This happened about a year ago and I laughed then. I saw it again the other day and found myself laughing all over again. Roscoe Smith—and it’s fitting that someone with the name Roscoe would do this—is the culprit. He later explained his reasoning for his 80 foot heave:
"When I saw the clock, I thought there were two or three seconds left," Smith told the Hartford Courant. "My team -- man, they got on me in the locker room. I glanced at [the clock] and threw it up there. I just saw the clock going real fast."
As I am laughing through this video I’m struck by something that is not so laughable—the reality that I’ve thrown up 80 foot prayers with 11 seconds left in counseling sessions. Unlike Roscoe, I’ve done this more than once. Some troubled soul has came to my office and poured out their heart, and rather than remaining calm and really listening (taking the time to dribble up the court) I chuck up a full-court prayer.
It’s understandable to do this. After all the clock is moving really fast. It seems that this persons pain needs to be resolved this very second. We don’t have time to get into our offense or get the ball across half-court and call time-out. Time is running out. That clock is ticking. I better lob some sort of advice or wisdom that gets this person’s level of pain down and comfort up.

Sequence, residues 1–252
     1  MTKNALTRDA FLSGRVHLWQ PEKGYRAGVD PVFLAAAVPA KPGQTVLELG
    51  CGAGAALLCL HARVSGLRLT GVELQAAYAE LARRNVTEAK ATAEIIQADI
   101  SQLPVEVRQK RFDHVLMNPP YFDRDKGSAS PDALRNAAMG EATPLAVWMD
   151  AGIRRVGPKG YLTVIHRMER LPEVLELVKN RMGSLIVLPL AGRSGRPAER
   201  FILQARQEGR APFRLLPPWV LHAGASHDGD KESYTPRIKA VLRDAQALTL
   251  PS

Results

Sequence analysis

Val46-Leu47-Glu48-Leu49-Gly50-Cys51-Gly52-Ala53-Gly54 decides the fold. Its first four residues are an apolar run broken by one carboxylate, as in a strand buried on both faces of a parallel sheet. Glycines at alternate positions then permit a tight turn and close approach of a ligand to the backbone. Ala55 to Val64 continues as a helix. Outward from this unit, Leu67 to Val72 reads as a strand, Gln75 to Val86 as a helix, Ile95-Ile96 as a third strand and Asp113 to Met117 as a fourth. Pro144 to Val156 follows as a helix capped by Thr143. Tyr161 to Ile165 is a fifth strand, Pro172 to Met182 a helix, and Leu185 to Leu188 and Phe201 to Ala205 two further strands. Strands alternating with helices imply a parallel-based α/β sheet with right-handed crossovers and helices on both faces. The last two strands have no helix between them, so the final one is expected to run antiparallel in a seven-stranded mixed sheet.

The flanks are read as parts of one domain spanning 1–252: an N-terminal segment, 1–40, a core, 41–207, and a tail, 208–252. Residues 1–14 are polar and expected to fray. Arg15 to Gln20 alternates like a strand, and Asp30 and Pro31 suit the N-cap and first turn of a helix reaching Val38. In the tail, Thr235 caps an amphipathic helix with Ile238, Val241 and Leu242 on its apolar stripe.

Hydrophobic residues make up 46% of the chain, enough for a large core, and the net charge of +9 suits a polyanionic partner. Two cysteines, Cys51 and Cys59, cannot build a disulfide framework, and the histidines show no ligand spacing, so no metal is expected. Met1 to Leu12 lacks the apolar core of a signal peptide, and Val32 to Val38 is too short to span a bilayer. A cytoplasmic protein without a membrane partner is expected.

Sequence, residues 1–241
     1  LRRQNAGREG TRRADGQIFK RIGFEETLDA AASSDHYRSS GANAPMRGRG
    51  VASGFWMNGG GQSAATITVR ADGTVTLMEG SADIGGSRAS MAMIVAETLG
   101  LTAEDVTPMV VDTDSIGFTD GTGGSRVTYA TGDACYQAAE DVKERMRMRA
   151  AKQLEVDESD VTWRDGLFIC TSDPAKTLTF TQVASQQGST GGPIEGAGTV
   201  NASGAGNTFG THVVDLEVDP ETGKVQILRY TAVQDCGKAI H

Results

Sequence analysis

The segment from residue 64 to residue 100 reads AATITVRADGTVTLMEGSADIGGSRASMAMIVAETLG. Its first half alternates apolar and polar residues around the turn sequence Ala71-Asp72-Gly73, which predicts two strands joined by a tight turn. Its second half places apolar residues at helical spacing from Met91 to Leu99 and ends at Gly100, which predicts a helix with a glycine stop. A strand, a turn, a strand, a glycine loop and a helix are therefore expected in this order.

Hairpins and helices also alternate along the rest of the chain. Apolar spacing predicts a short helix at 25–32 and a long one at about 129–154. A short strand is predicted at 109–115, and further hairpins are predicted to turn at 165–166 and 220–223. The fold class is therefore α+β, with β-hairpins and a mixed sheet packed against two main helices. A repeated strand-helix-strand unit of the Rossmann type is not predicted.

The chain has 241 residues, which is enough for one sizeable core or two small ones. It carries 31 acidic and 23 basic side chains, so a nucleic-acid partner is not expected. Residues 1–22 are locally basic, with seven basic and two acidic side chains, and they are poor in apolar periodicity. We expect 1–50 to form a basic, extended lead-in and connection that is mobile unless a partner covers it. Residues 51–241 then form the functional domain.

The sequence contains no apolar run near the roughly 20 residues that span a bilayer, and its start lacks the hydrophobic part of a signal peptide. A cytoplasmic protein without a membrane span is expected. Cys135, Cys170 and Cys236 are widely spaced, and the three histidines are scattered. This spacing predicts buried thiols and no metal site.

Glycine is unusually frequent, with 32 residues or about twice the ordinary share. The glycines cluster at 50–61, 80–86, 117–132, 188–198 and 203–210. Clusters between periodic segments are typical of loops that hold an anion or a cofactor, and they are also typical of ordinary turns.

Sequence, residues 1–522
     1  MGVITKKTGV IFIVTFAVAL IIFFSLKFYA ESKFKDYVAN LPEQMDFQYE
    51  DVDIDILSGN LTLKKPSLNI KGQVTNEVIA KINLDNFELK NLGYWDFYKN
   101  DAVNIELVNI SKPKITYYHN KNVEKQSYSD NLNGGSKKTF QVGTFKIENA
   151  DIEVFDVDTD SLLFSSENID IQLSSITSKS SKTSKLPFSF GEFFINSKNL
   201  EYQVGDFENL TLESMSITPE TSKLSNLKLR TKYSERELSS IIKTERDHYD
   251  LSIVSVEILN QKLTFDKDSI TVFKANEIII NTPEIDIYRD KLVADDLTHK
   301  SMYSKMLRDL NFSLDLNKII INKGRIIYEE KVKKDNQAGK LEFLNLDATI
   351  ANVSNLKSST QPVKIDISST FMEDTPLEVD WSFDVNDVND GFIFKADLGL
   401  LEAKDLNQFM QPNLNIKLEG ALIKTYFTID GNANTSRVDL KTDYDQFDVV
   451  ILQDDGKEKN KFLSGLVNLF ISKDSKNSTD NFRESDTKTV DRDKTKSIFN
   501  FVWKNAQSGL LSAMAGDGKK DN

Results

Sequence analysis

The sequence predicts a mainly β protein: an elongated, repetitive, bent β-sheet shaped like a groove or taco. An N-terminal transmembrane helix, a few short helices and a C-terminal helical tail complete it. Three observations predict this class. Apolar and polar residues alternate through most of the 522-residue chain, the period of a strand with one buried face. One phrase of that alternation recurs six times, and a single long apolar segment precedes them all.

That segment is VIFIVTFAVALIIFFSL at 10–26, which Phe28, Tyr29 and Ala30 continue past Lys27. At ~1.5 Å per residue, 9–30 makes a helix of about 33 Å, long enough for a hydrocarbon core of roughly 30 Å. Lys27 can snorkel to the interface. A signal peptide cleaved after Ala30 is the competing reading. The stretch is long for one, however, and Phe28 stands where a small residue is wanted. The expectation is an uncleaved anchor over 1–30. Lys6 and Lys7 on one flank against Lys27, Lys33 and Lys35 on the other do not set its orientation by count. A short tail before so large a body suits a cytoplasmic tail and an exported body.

The problem is that what was needed in this situation was not an 80 foot toss into the stands. There may be time for those full court throws—like when there really is 1 second left instead of 11 seconds. But most of the time what feels like 1 second is really closer to eleven and what is needed is a patient walk up the court (digging for the real issue) and then working for a high percentage shot.
Most of our counseling will be of the 11 second-enough time to run it up the court-variety. Very seldom is it 1 second. The wise counselor will realize this and not treat 11 second counseling like 1 second left full court tosses. To do so puts you in danger of pulling a Roscoe. So, counselors trust the sovereignty of God, learn from his patience, and don’t pull a Roscoe.